However, when it comes to Push Notifications you can customise them to merge with your website design. From images to buttons and text, if you know what your users like you can catch their attention with Push.

If anything, Push notifications make your website that much pleasant. These eye-candy alerts, effectively grab the user’s attention and delight them with useful information.


User-Friendly Push Notifications Practices from Google

Push Notifications is a technology conceived by Google, so obviously they wouldn’t create it to sabotage SEO.

However, as every great tool in the wrong hands, it can be used badly. So, in order to ensure the best functioning of this format with high tech solutions like Notix, they made a series of recommendations for webmaster, for a more passive approach:

  • Value proposition: integrating the prompt in the UI of the website, once they finalised an important step (purchase, newsletter subscription, follow, etc.)

  • Making the notification prompt more UX friendly, by using a transparent background that allows the client to view the page while accepting your alerts

  • Not invading the user’s website experience with an abusive prompt the second he gets on the website

  • Investing in a double-permission system – one from the website that enables the actual push notification prompt the moment they accept the first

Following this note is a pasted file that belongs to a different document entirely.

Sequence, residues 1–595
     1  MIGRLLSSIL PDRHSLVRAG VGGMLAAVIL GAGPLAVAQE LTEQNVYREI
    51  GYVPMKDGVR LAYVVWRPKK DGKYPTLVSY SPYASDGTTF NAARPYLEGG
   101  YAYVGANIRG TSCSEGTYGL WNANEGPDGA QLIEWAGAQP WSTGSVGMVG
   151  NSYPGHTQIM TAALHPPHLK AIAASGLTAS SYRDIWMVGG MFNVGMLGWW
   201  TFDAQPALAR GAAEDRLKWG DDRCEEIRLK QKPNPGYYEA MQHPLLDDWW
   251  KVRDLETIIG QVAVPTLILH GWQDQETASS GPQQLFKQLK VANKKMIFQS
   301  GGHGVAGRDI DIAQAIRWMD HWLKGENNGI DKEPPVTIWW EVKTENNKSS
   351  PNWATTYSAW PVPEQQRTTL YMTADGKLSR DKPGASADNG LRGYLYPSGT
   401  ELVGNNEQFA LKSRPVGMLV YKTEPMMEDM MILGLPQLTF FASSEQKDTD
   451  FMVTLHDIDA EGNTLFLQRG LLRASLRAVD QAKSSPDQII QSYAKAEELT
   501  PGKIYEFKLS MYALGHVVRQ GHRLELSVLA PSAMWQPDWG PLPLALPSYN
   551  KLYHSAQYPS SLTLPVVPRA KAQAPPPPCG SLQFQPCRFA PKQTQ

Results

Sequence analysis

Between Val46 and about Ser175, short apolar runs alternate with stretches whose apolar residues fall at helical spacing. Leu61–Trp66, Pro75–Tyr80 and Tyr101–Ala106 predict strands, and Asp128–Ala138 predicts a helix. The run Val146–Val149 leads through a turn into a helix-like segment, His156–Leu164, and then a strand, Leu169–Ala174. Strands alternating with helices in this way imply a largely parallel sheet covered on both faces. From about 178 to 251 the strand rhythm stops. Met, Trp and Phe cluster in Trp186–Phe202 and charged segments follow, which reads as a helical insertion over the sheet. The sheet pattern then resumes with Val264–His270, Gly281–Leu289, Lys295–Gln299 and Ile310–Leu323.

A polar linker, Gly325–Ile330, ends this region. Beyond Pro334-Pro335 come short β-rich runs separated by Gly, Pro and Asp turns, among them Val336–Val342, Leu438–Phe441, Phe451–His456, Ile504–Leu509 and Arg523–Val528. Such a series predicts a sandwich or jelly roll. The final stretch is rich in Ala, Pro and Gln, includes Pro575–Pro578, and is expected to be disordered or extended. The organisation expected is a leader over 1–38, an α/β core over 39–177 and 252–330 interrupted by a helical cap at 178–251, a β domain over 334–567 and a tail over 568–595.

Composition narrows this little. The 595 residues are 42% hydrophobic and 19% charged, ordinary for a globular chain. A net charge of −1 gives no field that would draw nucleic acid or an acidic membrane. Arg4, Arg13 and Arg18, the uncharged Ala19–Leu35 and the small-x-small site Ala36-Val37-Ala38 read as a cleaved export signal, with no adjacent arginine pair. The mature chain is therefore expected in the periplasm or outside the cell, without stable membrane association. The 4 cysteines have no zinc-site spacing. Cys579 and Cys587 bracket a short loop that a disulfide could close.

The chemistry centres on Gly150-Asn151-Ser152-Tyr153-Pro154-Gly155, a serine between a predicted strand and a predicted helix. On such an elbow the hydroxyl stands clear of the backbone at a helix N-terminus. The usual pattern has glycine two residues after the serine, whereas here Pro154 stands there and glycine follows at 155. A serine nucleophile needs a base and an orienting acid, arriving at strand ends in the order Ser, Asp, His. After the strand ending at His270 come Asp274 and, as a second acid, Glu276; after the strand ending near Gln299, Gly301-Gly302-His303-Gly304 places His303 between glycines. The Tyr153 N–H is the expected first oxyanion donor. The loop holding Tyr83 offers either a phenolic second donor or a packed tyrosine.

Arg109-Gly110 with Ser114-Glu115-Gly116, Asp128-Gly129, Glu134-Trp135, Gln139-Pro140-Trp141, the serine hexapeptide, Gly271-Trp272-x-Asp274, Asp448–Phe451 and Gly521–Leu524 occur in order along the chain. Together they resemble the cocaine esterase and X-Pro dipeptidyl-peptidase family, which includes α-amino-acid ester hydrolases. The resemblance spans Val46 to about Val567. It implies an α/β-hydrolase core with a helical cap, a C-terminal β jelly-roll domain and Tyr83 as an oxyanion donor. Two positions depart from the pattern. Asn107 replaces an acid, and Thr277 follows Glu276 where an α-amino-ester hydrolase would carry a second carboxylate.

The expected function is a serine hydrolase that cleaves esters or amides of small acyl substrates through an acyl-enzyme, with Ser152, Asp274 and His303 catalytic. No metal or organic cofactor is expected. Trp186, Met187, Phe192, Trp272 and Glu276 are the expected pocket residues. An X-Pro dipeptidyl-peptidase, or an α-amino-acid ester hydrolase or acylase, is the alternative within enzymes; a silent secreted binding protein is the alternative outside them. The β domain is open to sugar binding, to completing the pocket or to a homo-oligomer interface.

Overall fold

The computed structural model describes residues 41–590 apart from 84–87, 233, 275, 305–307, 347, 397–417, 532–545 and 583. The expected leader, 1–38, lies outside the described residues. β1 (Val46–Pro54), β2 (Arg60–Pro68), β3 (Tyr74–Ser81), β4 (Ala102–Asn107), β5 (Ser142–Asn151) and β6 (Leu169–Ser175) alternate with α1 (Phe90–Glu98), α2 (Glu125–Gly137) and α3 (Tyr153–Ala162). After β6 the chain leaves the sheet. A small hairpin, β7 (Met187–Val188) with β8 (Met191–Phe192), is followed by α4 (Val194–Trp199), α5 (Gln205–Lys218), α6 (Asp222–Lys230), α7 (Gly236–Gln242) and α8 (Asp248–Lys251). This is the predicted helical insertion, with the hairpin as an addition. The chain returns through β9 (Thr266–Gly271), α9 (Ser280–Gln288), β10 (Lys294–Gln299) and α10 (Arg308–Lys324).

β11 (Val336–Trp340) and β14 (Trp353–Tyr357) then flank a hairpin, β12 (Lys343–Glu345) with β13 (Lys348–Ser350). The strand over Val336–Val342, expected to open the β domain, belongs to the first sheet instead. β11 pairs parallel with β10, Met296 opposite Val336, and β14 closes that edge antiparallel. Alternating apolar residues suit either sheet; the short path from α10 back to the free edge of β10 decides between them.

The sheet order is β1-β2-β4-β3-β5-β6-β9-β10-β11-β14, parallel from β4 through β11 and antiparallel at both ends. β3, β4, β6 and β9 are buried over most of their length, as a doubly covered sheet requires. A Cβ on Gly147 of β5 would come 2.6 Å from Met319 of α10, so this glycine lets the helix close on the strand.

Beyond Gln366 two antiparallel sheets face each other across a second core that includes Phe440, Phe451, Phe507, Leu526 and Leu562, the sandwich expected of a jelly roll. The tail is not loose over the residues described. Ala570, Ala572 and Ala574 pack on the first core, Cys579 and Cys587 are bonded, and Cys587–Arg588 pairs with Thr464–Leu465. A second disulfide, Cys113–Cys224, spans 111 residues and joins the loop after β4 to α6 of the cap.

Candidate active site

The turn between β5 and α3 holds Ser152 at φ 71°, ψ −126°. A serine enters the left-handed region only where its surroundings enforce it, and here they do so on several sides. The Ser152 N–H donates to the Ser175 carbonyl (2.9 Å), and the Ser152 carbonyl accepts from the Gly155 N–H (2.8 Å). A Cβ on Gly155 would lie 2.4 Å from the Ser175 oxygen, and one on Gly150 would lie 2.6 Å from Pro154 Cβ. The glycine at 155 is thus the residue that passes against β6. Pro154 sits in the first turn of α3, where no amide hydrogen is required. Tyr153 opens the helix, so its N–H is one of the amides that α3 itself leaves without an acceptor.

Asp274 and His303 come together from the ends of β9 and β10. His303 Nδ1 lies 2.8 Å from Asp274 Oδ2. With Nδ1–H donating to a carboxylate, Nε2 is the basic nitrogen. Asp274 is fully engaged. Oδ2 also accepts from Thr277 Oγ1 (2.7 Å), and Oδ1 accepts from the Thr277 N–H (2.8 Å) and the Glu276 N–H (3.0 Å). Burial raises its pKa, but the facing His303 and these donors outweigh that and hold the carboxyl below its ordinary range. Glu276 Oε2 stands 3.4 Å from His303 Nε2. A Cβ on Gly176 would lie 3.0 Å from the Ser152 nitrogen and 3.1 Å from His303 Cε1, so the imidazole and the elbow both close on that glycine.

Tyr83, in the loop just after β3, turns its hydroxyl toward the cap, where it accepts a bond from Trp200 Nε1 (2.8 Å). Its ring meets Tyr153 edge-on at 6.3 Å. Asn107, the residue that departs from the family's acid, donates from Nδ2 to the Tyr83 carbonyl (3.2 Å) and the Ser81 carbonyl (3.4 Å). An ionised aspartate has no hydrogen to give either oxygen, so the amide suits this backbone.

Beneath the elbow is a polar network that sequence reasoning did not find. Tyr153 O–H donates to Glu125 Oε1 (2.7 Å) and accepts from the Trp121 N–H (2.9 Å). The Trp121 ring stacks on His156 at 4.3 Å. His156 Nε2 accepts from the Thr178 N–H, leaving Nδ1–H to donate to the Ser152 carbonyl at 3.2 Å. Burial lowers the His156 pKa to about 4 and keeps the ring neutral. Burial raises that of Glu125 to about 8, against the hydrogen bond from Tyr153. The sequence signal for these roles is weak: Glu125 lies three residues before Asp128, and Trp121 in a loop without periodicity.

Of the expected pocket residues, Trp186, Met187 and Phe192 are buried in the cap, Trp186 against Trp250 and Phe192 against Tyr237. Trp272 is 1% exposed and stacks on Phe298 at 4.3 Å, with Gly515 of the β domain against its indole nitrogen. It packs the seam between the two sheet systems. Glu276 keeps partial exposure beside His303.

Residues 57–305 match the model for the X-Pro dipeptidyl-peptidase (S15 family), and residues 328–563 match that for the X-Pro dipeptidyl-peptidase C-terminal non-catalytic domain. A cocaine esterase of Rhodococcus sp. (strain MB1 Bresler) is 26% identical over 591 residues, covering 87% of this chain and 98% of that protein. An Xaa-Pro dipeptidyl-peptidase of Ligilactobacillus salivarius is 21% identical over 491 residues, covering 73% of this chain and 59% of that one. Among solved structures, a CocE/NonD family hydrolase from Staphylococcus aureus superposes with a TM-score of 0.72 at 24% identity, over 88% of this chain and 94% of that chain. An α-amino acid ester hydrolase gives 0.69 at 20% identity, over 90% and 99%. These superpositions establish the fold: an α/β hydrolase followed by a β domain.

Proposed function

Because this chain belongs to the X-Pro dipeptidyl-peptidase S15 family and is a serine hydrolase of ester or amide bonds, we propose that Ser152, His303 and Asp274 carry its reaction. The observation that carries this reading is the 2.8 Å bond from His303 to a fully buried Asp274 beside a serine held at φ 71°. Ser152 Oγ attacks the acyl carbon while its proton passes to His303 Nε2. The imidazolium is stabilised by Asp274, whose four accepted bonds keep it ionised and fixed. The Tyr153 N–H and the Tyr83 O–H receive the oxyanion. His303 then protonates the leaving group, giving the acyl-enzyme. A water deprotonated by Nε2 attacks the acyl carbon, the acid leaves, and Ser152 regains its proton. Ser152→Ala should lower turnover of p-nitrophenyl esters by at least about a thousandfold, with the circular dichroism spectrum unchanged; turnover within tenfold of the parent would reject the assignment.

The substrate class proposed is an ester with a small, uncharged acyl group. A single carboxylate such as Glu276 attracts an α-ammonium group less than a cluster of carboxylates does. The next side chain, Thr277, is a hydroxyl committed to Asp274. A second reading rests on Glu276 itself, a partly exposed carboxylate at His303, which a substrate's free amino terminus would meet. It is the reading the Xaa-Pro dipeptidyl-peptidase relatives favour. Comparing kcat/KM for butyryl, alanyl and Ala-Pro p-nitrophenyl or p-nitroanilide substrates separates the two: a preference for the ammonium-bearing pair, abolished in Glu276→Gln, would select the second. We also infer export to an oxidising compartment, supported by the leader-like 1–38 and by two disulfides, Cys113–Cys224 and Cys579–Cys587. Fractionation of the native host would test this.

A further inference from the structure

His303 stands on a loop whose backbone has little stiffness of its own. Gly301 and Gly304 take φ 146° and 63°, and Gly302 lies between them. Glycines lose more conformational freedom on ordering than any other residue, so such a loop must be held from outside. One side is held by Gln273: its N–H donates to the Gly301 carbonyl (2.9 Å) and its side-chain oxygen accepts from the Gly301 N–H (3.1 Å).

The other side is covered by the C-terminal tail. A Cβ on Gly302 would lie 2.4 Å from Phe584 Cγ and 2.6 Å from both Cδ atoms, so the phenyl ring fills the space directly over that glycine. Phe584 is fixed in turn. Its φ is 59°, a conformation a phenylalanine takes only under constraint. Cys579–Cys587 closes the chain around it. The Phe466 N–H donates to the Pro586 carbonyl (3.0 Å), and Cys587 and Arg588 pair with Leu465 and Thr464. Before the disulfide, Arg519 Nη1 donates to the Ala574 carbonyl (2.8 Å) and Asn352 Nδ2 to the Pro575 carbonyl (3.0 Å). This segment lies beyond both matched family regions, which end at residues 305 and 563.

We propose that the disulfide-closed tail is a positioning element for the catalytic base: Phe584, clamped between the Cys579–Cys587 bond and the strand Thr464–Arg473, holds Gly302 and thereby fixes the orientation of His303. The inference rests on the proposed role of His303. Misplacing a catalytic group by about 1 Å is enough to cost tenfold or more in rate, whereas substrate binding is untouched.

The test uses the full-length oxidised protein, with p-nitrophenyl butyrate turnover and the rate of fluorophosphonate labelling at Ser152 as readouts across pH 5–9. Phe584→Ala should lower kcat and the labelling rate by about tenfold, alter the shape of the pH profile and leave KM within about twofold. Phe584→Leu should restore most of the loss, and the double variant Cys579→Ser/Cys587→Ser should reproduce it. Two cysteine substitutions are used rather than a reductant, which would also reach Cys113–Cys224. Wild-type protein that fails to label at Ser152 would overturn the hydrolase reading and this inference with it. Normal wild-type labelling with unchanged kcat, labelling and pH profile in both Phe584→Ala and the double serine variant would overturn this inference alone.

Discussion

• Creating a Push Notification enabled button on the website settings panel

  • On-page website button that allows the user to activate Push Notifications whenever during his visit on your page

You can read more about it here.


Main Takeaways

Although Google never confirmed that Push Notification positively affects websites’ SEO, there are a lot of factors showing just that. However, old practices like spamming users with a lot of push notifications used to affect SEO. Users left the website and didn’t return.

The right amount and message sent via Push Notifications can drive amazing results. Create tailored, specific, and personalised messages. Don’t send them in bulk, or at random times. Push Notifications are more than welcome when they are useful. Abuse them and they’ll chase users away.

However, practice makes perfect. And although mistakes might happen especially when this format isn’t used properly, this is not a rule of thumb. When used wisely Push Notifications are a great extra tool that can help any webmaster develop and grow the right audience and traffic for your website.

Only with the right setups, you’ve got the right tools to drive traffic and conversions, re-engage users, or even to improve website analytics and SEO.